The preseason is the first taste that we get to see the Pittsburgh Steelers’ rookie class in action, and, far more often than not, it’s the most significant amount of game action they will see all year, barring injuries.
That certainly figures to be the case for third-round wide receiver Sammie Coates, who started as one of the two outside receivers for the Steelers on Sunday night with no less than four wide receivers sitting the game out, and another player who was ahead of him on the depth chart waived with an injury.
He was not, however, the top receiver in the game, as when the Steelers moved to 22 personnel, it was first-year C.J. Goodwin, who spent all of last season on the practice squad, who was the line wide receiver on the field. Just something worth noting, as it happened on two of the first four offensive plays alone.
Another thing that I feel compelled to note before getting started is that I didn’t see Coates display much urgency and finishing plays, let alone playing to the whistle. On the Steelers’ first punt, once the returner ran away from him, he immediately began dogging it. He is disengaged when he is not involved in the play, and I want to see that trend the other way.
But when he flashed in the receiving game, he certainly created excitement. His first and only reception of the game was impressive for multiple reasons. The Landry Jones was deflected by a defender, and Coates had the presence of mind to adjust and find the ball, doing so through aggressive corner play trying to swipe at the ball.
You can see on the play above that when he sees the opportunity to make a play, he has the wherewithal to do so. We also saw that on the first play of the second quarter, when Goodwin fumbled. Coates was initially disengaged and merely jogged in pursuit until he realized that not only could he make a play on the ball carrier, he needed to.
Later, Coates was double viced as a gunner, but he allowed himself to get knocked to the ground. Fortunately, for Coates anyway, the punt resulted in a touchback. He did, however, come back on the Vikings’ next punt and throw a block, though the punt was ultimately downed.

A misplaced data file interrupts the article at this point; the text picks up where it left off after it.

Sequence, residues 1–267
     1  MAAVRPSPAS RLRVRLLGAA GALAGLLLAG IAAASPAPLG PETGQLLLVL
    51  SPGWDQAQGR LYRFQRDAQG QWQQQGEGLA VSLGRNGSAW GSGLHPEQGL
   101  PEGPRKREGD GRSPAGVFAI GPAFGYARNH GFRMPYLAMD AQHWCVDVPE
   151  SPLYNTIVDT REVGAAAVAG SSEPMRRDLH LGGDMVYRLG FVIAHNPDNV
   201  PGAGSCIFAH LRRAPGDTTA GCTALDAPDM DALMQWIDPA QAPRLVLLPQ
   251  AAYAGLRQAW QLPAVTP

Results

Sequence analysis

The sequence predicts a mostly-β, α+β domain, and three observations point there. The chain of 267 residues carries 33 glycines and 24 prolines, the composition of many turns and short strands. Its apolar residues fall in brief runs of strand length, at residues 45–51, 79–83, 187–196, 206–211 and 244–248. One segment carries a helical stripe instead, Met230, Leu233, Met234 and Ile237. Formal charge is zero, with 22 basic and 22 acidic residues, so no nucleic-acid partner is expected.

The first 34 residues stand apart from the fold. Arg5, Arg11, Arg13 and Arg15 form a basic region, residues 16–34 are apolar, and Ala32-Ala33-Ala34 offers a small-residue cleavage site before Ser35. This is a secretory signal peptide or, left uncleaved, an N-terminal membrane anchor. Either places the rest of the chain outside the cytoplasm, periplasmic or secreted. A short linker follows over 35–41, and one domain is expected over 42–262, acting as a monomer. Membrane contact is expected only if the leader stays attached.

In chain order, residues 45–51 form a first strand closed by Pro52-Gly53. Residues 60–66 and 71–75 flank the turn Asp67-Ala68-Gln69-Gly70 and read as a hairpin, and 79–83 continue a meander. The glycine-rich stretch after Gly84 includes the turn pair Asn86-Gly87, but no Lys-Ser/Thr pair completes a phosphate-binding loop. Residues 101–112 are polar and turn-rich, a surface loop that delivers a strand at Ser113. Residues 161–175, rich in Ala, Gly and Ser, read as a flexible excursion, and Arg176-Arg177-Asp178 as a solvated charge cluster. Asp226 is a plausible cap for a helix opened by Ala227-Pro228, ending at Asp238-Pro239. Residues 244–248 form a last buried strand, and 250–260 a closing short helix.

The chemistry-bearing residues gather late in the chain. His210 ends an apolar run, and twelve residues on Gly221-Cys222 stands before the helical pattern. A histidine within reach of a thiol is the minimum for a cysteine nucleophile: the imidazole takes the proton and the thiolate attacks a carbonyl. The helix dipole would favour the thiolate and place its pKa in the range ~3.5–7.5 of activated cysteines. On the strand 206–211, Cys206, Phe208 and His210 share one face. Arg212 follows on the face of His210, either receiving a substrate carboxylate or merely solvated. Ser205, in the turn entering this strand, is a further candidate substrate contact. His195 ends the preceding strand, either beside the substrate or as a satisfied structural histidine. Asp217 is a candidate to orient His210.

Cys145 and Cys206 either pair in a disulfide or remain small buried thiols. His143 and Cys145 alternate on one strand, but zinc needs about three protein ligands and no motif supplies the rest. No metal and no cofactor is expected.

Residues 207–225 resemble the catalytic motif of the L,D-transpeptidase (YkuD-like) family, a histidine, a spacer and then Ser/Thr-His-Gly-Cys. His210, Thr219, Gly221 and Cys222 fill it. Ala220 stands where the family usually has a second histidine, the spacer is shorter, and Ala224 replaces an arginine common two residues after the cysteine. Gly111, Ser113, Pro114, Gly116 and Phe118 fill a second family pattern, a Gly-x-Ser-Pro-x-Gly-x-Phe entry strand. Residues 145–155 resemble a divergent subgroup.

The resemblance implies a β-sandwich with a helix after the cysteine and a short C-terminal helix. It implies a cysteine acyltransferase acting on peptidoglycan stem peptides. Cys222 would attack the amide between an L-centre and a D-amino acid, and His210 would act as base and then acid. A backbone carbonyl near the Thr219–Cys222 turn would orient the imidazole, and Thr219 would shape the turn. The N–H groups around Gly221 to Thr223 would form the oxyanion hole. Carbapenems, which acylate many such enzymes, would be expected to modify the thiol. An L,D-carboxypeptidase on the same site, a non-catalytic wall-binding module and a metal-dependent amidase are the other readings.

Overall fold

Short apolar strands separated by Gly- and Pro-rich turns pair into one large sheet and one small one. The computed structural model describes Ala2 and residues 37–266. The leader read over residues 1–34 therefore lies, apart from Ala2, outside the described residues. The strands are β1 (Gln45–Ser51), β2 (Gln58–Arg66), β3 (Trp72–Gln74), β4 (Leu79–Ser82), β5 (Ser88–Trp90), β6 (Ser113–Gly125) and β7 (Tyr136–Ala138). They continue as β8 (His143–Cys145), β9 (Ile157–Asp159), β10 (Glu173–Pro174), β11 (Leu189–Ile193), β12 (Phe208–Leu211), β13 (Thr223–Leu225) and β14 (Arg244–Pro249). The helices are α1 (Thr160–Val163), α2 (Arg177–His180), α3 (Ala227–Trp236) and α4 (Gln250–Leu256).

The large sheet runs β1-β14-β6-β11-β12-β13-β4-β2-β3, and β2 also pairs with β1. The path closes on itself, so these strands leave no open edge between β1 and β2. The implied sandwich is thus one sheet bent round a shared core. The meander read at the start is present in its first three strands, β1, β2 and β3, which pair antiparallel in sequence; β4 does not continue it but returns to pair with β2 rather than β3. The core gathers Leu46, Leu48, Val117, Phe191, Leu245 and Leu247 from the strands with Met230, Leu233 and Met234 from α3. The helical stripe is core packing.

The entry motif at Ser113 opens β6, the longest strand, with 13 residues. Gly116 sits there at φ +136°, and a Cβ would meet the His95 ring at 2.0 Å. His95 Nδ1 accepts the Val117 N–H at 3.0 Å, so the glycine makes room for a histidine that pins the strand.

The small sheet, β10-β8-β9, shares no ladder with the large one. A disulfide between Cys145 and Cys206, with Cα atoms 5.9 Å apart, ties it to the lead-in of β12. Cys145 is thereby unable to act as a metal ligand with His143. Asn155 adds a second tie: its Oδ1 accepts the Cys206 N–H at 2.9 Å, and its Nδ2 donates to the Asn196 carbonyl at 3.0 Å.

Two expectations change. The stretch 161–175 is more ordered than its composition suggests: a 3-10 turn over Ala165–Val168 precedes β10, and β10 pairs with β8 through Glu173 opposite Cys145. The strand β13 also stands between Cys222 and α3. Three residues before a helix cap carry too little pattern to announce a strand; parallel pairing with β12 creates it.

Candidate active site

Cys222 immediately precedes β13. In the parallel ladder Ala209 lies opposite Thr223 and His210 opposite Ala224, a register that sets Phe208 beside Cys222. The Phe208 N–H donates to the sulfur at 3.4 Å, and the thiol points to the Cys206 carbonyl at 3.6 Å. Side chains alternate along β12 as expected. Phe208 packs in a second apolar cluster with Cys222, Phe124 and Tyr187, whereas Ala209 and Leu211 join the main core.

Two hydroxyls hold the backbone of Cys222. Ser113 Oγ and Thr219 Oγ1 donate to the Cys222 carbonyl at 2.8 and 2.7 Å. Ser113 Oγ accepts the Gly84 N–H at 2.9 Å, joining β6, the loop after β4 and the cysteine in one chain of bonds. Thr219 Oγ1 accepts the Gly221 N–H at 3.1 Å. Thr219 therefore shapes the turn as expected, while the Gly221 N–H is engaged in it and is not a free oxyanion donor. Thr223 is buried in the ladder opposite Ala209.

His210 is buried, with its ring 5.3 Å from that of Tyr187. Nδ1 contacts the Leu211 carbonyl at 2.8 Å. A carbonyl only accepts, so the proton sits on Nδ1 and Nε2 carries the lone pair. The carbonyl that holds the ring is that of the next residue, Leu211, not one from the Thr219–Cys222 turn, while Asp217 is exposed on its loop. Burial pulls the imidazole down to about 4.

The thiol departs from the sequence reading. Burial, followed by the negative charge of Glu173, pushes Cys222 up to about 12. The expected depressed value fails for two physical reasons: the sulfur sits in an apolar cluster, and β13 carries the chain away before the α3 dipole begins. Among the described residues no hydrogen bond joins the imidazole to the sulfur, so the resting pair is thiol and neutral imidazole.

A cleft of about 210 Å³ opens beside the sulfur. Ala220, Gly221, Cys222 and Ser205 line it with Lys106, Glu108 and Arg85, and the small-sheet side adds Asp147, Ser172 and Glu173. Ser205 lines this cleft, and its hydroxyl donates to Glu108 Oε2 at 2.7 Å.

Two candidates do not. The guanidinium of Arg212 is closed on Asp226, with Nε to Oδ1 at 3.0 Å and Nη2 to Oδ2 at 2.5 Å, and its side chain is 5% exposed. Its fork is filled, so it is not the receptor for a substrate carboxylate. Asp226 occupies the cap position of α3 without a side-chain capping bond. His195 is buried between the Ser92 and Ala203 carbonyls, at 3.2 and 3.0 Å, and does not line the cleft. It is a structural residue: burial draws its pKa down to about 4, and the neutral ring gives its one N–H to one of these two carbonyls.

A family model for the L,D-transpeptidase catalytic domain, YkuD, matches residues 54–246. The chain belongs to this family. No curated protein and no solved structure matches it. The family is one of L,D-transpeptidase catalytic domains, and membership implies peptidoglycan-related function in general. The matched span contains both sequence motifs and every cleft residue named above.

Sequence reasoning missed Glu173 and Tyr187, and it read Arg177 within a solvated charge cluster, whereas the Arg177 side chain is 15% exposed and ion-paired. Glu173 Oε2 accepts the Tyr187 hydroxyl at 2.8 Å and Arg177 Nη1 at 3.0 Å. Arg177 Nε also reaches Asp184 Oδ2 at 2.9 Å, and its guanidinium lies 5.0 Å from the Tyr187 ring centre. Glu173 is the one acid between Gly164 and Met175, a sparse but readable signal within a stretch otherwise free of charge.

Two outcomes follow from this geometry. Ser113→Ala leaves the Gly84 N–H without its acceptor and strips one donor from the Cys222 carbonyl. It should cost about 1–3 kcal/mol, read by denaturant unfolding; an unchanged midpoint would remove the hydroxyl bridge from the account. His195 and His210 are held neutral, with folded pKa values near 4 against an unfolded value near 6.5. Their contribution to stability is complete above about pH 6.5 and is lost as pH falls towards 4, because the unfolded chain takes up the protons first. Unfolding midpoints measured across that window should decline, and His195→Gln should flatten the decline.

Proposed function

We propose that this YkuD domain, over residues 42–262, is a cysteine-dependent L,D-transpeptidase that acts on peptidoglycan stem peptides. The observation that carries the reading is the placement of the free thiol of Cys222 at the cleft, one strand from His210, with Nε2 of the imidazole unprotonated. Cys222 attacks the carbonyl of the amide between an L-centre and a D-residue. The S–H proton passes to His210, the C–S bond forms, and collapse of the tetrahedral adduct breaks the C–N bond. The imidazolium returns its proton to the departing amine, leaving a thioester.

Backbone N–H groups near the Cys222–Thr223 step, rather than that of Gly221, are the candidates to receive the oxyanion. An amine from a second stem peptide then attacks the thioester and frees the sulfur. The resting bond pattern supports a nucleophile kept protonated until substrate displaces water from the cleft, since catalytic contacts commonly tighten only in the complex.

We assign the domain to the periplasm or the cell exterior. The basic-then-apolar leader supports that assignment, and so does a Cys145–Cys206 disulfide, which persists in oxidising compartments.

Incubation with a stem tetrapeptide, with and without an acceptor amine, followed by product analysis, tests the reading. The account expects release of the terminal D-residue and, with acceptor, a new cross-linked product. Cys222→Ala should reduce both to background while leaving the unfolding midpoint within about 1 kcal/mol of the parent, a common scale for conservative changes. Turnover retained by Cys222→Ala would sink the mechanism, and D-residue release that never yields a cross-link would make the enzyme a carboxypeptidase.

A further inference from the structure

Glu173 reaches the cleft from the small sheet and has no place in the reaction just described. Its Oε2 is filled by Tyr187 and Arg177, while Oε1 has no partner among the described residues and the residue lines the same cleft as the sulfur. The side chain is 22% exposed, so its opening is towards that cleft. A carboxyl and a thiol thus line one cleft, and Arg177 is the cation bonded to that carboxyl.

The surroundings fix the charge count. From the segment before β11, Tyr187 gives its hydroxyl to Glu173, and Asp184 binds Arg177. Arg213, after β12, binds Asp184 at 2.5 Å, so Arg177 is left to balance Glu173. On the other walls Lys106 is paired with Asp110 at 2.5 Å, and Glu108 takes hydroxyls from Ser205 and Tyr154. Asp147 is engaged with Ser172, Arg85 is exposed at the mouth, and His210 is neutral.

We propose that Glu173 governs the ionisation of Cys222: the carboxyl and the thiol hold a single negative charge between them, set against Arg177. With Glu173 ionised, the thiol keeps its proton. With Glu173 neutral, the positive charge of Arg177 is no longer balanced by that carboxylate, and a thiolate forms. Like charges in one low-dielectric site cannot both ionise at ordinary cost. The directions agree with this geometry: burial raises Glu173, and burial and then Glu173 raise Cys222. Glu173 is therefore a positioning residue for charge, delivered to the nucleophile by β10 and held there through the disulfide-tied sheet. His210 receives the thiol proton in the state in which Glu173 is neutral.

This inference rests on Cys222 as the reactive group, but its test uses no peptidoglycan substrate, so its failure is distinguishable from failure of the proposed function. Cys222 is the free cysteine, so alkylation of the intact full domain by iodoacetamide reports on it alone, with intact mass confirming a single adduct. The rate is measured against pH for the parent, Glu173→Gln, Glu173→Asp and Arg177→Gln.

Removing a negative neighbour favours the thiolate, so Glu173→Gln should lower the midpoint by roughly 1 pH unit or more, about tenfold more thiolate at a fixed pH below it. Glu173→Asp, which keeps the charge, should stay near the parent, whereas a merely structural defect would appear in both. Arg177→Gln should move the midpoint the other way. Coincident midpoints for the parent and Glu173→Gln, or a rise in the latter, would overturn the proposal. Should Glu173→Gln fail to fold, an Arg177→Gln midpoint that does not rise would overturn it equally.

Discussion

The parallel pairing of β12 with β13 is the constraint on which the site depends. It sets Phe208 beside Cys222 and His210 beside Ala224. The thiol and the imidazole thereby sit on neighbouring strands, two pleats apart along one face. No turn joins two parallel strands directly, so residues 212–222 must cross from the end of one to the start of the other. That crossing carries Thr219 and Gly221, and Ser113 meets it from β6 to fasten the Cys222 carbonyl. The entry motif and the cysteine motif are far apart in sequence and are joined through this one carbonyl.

It was on that subsequent drive that Coates had what should have been an 18-yard touchdown, had Jones placed the ball where it should have been. The rookie wide receiver was pretty smooth in his route, losing only minimal speed on a double move that left the cornerback in a trail position four yards behind.
Later in the quarter, we get a glimpse of Coates working as a blocker on offense. He gets an incomplete grade on this block, because while it was incomplete, it seems clear that the play as it was designed should have left him on the backside.
Prior to the snap, he motioned toward the formation from out wide, turning and chipping at the incoming linebacker. Had the play gone to the right, as it looks like it should have been, that probably would have been sufficient, but this can also be looked at as an example of the necessity of finishing a play. Coates is a big receiver who showed physical traits in college. He has the tools to become a legitimate blocker at the position.
It was on the next play that Coates seemed to run an incorrect route, with Jones’ throw going to the corner and the receiver crossing to the middle of the field. But a few plays later, he drew a pass interference call worth 38 yards, winning with speed to the outside.
He got the first crack out of three passes from the one-yard line that followed, and though he ultimately dropped what was a difficult catch, there were certainly some mitigating factors. For one, the snap came early, which threw everything off. He was also grabbed on to by the defensive back. The fact that he freed himself well enough to have as quality a look at the ball as he got was in itself an accomplishment.